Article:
Online business

Separating Macy’s online business would be a huge mistake

With nothing more than a passing glance, Macy’s (NYSE:M) shareholders are delighted with the idea. “Unleashing value” ultimately means that investors’ stakes will have more value after the retailer’s online and offline business is separated, so by all means go ahead with the idea.

As the old saying goes, however, there are no free lunches on Wall Street. Everything costs something, in a way. In this case, the cost to Macy’s and its shareholders would be a return to just a brick-and-mortar, brick-and-mortar business before the company brilliantly combined it with an incredibly impressive e-commerce operation. In other words, maybe the department store chain shouldn’t be so quick to do what it increasingly seems to want to do.

But first.

Image source: Macy’s.

On the chopping block, maybe

In case you’re reading this and didn’t already know, Macy’s may have been considering divesting itself of its online business.

Activist investor group Jana Partners broached the idea in early October, and although the company initially repeated what it had been saying for some time now – it wasn’t interested in it – it could change. the the wall street journal reported last week that Macy’s had hired AlixPartners to help it weigh the pros and cons of selling its e-commerce business.

Notably, AlixPartners previously helped Saks Fifth Avenue divest its online business. The crux of the argument is that the market values ​​successful e-commerce businesses at a steep premium. Jana thinks Macy’s online shopping site and operation could be worth around $14 billion.

Framed in these terms, a spinoff is a wise decision. It’s also a short-term view, however.

A winning formula has already been found

Of course, a spin-off just might “unlock value.” He might as well destroy it.

The argument holds water. Macy’s e-commerce efforts are paying off. Online sales were up another 19% year over year last quarter and 49% from the third quarter of 2019 before the pandemic. In total, about a third of the company’s revenue is now generated online. The retailer also just announced that it will add third-party vendors to its e-commerce platform, expanding the network that brings people into the company’s digital ecosystem.

Getting rid of the whole shebang theoretically wouldn’t change results online or in stores, but it would add a good chunk of capital to the company’s coffers. This would allow shareholders to better understand where Macy’s strengths and weaknesses lie. This stranger may be maintaining a cap on Macy’s stock price.

Except that this way of thinking ignores a key nuance of online and offline business operations: that when they’re run in tandem, they support each other.

The evidence for this argument is only incidental, but there is plenty of it.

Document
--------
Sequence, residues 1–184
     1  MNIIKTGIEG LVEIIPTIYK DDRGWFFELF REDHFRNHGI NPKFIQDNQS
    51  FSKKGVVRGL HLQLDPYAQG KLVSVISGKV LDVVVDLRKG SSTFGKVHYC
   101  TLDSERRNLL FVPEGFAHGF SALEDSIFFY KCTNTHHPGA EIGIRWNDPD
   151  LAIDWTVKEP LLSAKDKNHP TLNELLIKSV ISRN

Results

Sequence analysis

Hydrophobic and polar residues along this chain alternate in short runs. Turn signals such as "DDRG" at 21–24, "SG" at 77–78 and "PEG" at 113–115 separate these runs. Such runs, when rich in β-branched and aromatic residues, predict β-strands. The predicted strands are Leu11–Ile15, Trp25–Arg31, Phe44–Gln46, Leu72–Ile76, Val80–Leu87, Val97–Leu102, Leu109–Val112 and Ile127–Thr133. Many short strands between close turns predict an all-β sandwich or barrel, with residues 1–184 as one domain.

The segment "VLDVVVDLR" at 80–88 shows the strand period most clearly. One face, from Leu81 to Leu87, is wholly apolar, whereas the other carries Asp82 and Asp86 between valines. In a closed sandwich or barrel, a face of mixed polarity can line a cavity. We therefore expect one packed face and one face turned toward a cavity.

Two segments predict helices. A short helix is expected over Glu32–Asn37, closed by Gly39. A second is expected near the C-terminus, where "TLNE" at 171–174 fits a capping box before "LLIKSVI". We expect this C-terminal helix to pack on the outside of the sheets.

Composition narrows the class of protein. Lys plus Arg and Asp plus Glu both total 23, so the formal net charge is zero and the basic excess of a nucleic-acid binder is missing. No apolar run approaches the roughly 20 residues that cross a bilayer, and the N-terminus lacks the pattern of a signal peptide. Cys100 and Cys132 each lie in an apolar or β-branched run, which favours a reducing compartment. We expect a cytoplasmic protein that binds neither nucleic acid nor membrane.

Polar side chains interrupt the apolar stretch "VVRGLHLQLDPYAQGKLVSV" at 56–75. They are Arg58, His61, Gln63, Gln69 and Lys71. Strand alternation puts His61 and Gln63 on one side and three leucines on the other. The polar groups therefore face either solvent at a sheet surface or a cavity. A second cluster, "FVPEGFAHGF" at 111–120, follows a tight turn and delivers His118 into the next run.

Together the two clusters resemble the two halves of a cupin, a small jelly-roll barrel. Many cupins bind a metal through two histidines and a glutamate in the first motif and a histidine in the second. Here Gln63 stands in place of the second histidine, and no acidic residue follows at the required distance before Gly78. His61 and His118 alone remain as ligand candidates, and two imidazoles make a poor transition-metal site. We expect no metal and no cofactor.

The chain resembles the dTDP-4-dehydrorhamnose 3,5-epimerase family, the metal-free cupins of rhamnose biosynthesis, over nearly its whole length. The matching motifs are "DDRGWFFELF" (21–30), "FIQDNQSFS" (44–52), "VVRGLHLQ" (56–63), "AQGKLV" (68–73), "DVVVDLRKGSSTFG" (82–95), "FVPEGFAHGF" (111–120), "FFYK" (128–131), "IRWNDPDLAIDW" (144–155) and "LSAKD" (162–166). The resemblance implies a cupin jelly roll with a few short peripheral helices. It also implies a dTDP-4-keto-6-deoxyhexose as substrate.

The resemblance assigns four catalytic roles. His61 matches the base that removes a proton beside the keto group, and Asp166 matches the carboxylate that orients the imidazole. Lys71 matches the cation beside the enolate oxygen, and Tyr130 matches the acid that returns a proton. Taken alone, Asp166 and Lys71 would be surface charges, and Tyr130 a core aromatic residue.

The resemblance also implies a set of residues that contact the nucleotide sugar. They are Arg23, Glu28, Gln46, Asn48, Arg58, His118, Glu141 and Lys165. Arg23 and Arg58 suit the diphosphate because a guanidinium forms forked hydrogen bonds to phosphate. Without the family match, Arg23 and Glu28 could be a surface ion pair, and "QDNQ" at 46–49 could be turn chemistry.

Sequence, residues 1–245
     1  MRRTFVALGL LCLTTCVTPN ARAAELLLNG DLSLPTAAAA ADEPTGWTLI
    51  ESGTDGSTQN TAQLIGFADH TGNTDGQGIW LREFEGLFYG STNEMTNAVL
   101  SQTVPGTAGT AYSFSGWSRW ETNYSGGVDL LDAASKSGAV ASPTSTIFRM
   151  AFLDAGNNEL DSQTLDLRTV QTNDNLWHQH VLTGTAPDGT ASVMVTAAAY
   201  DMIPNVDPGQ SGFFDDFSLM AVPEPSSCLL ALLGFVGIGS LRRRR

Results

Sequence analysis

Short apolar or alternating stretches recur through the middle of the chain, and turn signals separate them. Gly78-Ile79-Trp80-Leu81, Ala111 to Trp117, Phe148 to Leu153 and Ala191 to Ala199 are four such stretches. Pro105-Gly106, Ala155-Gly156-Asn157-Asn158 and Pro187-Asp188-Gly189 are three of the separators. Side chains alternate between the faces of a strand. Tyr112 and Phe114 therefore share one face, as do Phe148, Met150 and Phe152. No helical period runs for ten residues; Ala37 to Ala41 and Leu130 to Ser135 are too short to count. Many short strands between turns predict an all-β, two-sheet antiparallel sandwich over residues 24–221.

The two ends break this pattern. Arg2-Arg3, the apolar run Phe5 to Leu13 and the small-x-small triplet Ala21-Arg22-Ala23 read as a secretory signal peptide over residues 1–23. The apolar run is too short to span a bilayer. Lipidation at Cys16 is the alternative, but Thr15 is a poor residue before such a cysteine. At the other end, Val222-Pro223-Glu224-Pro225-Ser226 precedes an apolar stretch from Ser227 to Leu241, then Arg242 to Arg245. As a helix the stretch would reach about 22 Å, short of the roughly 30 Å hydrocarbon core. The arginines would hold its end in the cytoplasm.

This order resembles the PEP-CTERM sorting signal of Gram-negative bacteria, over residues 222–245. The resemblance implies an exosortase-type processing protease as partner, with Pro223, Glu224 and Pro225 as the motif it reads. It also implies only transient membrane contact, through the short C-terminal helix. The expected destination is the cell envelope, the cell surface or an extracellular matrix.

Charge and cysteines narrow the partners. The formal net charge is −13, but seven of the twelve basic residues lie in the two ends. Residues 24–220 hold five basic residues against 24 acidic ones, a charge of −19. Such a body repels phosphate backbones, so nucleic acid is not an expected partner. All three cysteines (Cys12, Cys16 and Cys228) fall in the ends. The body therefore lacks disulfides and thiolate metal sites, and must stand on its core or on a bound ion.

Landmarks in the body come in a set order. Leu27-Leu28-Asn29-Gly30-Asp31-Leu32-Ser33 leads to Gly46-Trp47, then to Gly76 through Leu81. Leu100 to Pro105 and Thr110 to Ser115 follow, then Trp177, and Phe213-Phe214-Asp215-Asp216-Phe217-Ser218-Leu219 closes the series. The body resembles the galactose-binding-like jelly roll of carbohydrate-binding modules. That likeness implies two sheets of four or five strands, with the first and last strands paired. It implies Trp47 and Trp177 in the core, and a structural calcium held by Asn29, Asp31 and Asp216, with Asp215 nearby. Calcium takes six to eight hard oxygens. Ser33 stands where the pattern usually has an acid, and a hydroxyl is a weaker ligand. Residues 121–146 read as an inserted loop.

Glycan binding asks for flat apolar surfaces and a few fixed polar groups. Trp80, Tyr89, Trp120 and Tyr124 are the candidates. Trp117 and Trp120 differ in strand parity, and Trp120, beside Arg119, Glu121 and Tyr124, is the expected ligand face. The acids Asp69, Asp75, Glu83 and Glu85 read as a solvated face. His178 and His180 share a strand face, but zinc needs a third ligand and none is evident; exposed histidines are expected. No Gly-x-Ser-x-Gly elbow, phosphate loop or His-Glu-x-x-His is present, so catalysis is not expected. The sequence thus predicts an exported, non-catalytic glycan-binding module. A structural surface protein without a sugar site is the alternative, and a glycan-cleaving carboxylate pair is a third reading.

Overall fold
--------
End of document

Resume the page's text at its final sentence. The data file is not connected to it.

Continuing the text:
Take, for example, CFO Adrian Mitchell’s comments earlier this year. On the department store chain’s fiscal fourth quarter earnings call, Mitchell noted:

We know that Macy’s per capita digital sales are two to three times higher in the marketplaces [where] we have Macy’s stores. Conversely, from our store closures over the past five years, we have also observed that the digital sales growth rate drops significantly when we close a store in a multi-store market and significantly when we leave a one-store market.

The CFO sums up the principle by saying, “Stores provide the critical nodes to our digital customers.”

And other data underline this idea. Although without offering a ton of specifics, then-CFO Paula Price explained early last year that not only do in-store pickups save the company money on shipping costs, but that these pickup customers spend about 25% more once they walk into a store to pick up their order online.

However, perhaps the most remarkable thing about Macy’s e-commerce operations is that they are supported by the company’s stores. Even with plenty of time to adjust to the new normal in a world disrupted by coronavirus contagion, around a quarter of online orders last quarter were still being fulfilled by its stores.

Connect the dots

None of this is to say that a purely physical Macy’s couldn’t coordinate with a new owner of its online operation. In fact, given the strength of the Macy’s brand, the new owners of its online shopping platform would like to continue doing well with the iconic company.

Ultimately, however, the split of the two entities not only risks shattering the successful cross-selling omnichannel machine that Macy’s has crafted over the years, but it also paves the way for competition between two players who carry the same name. When proverbially pushed, for-profit companies tend to think of themselves first. Such development alienates customers, which is the last thing anyone wants.

Sometimes the best decision is to just leave things alone and recognize that sweet words like “unleashing value” aren’t necessarily thrown around with a larger, long-term vision in mind.

This article represents the opinion of the author, who may disagree with the “official” recommendation position of a high-end advice service Motley Fool. We are heterogeneous! Challenging an investing thesis — even one of our own — helps us all think critically about investing and make decisions that help us become smarter, happier, and wealthier.